By Steven Bond, Reporter www.ameinfo.com
The mobile app market is expected to exceed $66bn in four years, more than double the $31bn total of 2011, according to a report by Juniper Research. As mobile applications begin to permeate Middle East daily life, in terms of both social and business use, experts say it will be consumer demand that drives the market.
Within the forecasted period, 87% of all apps will be downloaded free of charge, with revenues derived from alternative strategies, including sponsorships, in-app purchases or lead generation. One in four of app downloads are expected to be via tablet devices, providing further opportunities for developers to tailor apps to niche demographics.
Alex Rauser, CEO of Prototype Interactive, told AMEinfo.com that app development had, over the last 18 months quickly grown to become 30% of the company’s digital branding and solutions workload. But, as clients led the charge to gain an edge in the booming mobile space, mobile web is still just as vital.
“If you compare traffic from mobile apps and websites, you still need your website first, technically, before the mobile app. I don’t think you could sustain a business that is just a mobile app [interface], unless it’s really just mobile specific – like Instagram. That’s a pure mobile solution.”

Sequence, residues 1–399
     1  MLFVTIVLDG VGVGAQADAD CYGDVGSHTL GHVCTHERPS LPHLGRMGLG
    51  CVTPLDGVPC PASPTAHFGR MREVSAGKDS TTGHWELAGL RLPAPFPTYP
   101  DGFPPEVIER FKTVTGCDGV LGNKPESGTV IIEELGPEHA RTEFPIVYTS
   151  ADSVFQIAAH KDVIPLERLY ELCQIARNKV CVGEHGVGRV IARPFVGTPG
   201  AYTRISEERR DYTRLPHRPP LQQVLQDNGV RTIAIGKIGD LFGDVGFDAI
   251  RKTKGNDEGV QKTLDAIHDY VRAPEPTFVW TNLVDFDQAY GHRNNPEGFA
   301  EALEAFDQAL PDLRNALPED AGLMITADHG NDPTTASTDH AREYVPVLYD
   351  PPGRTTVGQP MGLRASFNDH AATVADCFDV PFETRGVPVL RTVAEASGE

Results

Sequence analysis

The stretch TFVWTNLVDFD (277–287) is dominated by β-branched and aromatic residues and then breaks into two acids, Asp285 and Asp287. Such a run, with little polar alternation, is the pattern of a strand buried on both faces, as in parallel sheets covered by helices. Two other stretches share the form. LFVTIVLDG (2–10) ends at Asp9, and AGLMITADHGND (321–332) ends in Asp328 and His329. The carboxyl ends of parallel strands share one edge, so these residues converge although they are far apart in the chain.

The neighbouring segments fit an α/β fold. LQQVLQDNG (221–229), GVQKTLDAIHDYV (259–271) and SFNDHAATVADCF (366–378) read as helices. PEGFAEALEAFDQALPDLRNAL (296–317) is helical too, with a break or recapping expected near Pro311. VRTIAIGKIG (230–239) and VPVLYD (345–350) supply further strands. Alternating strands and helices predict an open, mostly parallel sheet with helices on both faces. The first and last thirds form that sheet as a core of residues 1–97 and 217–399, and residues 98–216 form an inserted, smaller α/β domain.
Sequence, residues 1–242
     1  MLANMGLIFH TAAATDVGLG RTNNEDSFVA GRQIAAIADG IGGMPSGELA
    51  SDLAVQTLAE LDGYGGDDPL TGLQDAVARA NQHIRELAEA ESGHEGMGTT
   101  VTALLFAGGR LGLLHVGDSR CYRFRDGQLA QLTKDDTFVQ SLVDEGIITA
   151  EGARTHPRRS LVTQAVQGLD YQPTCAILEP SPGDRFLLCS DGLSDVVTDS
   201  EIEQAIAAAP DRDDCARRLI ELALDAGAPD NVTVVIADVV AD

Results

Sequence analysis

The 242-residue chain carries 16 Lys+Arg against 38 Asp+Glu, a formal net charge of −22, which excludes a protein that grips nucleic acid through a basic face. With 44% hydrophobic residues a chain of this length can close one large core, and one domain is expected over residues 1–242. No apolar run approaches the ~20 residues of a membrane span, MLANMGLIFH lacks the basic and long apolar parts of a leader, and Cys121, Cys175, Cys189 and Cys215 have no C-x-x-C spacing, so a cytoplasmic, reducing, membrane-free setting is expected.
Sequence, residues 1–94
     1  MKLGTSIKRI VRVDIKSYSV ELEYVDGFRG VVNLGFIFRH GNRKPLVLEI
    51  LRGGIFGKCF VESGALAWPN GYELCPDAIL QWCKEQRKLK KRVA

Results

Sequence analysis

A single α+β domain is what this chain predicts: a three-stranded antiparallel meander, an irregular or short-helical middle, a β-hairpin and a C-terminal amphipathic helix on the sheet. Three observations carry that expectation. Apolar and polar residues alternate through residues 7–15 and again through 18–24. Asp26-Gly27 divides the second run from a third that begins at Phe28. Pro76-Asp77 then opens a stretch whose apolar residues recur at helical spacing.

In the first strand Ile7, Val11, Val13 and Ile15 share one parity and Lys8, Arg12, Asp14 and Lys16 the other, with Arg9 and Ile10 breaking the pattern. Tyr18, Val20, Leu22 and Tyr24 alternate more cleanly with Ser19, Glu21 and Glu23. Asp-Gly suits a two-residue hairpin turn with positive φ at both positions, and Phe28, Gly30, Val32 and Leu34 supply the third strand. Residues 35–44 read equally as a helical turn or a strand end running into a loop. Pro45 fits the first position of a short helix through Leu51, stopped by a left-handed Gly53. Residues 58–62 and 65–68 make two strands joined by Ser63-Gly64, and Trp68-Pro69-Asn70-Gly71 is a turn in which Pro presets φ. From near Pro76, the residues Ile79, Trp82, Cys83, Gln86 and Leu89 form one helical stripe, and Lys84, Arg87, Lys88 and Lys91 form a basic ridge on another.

Instagram, a photo-sharing application that allows the user to edit and upload pictures to social networking sites, was acquired this week by Facebook in a $1bn deal. The purchase has sent shockwaves around the tech world, highlighting the true potential within the market.
When it comes to the synergy, or juxtaposition of mobile apps and web, ZeroWire Labs’ co-CEO has a different take. Speaking to AMEinfo.com directly after his session at the Middle East Summit on Mobile Computing in Dubai, Mohamed Ali viewed the two in competition: “I think we’re just going to watch a battle. The one that’s more convenient to the user and to the providers is the one that’s going to win in the end.” More info